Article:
Is Pacific Capital Bancorp (PCBC) immune to the housing crisis? That is the question I have been asking myself after spending a lot of time digging through PCBC’s SEC filings, their FDIC filings and re-listening to their latest conference call.
It appears that from everything coming from the company that management thinks that they are immune. In fact management seems to be completely ignoring the huge spike in delinquencies. While non performing loans jumped from $17.3 million on 12/06 to $73.3 million on 12/07, the company’s allowance for loan losses as a percentage of nonperforming loans fell from 374% to a mere 61%. The big spike in delinquencies is primarily attributable to several big loans that went delinquent at the end of 2007.
During the Q4 conference call PCBC’s CEO, George Leis explains his rationale for the shrinking loan loss allowance coverage:
One relationship was an $11.6 million loan to a company that is in the auto parts industry. However, the borrowers receiving interest from potential acquirers for the company and we expect a satisfactory resolution to this problem credit within six months. The second relationship consists of $33 million in credit facilities with a residential home builder. This borrower has been a customer for almost 30 years and we have historically had excellent credit experience with the company.
The projects were in Reno, Nevada and the Central Valley of California, two very ugly housing markets. George goes on to say that:
We have current appraisals on most of the properties, and have applied significant discounts to the existing appraisals on the other properties for the purpose of determining our potential loss exposure. Based on this current analysis, we believe our exposure is relatively modest. We expect the remaining principal to be paid off over the next 18 to 24 months as houses and lots are sold.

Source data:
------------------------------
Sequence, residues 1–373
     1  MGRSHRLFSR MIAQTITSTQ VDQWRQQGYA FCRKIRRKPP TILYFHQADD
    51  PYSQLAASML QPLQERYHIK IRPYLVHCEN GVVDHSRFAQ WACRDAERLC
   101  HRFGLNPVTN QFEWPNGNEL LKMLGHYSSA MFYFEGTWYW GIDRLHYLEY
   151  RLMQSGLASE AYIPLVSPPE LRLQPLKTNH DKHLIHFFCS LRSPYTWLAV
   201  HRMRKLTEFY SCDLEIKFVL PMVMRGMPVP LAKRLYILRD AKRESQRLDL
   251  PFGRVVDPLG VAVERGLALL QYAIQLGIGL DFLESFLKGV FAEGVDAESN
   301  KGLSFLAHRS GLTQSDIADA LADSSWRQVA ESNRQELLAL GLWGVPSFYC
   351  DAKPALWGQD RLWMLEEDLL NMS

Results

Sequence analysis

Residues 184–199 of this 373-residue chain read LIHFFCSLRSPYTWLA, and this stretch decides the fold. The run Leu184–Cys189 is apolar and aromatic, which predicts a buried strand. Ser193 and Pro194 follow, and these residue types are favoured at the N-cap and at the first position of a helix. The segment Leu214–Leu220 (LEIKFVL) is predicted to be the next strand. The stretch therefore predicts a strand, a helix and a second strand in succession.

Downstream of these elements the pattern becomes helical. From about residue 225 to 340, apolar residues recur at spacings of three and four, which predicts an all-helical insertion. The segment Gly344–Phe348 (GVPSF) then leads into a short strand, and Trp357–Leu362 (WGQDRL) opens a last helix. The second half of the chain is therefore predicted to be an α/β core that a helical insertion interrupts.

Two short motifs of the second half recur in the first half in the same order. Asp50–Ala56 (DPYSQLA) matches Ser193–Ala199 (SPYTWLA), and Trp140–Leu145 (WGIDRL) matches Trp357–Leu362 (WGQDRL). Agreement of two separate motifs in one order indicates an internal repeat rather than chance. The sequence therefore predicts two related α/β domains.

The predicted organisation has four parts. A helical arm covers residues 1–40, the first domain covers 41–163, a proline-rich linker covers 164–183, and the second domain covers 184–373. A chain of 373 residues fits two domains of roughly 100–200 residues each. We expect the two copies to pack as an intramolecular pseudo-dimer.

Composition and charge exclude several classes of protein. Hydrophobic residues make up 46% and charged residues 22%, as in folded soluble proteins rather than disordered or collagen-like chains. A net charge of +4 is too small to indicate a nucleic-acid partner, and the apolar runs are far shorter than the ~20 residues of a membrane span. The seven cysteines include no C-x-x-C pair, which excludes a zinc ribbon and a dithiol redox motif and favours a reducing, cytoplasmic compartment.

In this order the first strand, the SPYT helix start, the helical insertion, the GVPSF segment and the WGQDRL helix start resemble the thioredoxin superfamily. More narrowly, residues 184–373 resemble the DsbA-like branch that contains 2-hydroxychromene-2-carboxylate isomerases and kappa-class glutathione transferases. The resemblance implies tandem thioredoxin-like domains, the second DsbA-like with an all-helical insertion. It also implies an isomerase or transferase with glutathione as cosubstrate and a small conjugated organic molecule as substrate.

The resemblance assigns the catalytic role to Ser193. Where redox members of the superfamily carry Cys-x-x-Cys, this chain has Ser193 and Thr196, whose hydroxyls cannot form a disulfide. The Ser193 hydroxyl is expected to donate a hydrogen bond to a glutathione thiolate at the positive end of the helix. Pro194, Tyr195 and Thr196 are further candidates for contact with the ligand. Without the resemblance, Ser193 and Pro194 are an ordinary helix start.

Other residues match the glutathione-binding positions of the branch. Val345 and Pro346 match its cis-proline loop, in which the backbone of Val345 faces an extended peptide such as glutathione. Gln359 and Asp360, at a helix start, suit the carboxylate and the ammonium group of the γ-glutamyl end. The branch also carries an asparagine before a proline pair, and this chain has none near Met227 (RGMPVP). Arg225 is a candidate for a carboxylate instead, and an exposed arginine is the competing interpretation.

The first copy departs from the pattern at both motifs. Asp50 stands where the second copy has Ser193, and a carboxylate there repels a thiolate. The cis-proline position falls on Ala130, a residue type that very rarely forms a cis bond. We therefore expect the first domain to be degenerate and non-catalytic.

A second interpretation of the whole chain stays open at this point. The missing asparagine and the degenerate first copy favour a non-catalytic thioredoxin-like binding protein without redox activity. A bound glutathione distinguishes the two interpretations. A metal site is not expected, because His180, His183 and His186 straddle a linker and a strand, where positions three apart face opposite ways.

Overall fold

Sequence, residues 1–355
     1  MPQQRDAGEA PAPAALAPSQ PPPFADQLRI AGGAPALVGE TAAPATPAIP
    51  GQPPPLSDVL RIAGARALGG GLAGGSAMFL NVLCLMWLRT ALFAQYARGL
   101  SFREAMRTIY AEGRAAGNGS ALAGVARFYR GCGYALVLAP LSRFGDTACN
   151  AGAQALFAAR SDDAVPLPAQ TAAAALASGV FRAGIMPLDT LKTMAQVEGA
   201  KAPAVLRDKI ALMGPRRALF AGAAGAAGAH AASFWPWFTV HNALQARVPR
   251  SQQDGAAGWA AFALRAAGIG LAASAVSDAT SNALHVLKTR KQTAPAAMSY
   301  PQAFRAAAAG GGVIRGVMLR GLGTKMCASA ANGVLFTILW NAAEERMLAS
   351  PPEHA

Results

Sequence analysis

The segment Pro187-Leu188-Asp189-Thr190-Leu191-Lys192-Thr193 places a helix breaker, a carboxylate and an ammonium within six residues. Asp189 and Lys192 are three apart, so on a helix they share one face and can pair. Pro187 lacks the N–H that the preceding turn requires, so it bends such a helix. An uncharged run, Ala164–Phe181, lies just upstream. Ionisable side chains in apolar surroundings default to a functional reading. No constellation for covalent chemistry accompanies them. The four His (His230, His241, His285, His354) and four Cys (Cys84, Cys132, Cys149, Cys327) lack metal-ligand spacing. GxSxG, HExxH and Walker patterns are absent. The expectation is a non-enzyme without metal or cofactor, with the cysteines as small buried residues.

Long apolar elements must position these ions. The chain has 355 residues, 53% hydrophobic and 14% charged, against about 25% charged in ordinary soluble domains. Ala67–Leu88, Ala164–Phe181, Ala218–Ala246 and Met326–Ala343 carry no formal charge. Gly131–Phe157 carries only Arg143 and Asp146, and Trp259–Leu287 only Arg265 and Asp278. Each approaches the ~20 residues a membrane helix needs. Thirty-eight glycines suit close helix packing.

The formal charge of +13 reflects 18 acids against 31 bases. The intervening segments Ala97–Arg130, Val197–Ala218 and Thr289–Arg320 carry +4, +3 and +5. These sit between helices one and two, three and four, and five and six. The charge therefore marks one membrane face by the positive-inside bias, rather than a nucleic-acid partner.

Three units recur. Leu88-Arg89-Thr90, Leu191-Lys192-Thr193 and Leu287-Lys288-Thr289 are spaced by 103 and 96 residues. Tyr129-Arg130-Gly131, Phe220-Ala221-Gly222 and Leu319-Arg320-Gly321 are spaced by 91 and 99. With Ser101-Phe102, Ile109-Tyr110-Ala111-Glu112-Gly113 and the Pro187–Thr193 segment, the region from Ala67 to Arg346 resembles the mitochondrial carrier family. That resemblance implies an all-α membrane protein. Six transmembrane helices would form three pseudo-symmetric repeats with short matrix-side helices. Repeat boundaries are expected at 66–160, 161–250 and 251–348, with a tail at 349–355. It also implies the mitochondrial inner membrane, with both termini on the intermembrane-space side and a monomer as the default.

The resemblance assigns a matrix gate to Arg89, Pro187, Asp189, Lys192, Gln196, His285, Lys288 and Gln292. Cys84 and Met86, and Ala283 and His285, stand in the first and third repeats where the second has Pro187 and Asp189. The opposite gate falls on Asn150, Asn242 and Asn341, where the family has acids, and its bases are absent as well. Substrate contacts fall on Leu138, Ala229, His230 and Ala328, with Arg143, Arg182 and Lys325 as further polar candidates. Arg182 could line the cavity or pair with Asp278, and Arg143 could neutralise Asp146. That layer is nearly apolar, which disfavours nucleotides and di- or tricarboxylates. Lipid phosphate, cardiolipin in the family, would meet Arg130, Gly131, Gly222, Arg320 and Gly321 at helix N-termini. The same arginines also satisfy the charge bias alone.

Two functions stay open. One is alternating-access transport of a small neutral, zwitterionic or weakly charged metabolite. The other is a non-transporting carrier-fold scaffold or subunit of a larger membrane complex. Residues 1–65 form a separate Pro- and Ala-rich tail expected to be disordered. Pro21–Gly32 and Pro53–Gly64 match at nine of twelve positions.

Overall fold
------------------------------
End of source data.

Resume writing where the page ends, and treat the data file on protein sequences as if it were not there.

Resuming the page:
Given that this conference call occurred on January 31, 2008, and that the appraisals were probably done several weeks before, it is certain that the value of those properties has further eroded with the continued slide of the housing market.
This week brought news from both Bank of America (BAC) and AmericanWest Bancorp (AWBC) of charges for increasing allowance to cover bad loans to home-builders. Was Pacific Capital Bancorp that much better at underwriting the loans, or is it just a matter of time until they are forced to admit to more exposure and/or more delinquent construction loans?
There is also the issue of the risk in the company’s huge portfolio of residential loans. I realize that PCBC was writing prime loans, and that their loan portfolio has a low LTV, but the magnitude of the sell-off in the housing market has been so severe that in my opinion every lender is going to take some lumps. So far their loans have performed remarkably well, but the value of the collateral backing those loans has depreciated substantially. Currently the company allowances for losses on the residential loans held for investment of $3.18 million on a portfolio of $1.076 billion, a tiny 0.3%.
Next Tuesday, when management reports 1st quarter 2008 numbers, I am expecting to see a further increase in delinquencies. I am also expecting management to finally have to start to substantially increase their loan loss allowances. If I am correct, the stock will be under serious pressure, but if they try to postpone the (in my opinion inevitable), the consequences would be much more dire in the long term.
Disclosure: Author has a short position in PCBC